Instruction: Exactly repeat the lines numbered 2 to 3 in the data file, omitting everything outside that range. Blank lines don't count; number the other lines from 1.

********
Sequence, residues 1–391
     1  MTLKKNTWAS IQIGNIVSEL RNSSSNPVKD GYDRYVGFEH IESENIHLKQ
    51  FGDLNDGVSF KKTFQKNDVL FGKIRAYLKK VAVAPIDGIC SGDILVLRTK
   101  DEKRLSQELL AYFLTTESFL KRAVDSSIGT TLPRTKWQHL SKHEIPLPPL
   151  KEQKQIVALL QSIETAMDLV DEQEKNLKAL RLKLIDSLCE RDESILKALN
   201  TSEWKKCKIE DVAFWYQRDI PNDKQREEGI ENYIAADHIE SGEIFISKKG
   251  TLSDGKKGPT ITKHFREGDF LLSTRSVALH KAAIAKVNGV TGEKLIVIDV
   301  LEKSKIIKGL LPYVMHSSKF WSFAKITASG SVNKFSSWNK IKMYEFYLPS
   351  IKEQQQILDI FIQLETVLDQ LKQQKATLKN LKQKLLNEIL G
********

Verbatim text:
     1  MTLKKNTWAS IQIGNIVSEL RNSSSNPVKD GYDRYVGFEH IESENIHLKQ
    51  FGDLNDGVSF KKTFQKNDVL FGKIRAYLKK VAVAPIDGIC SGDILVLRTK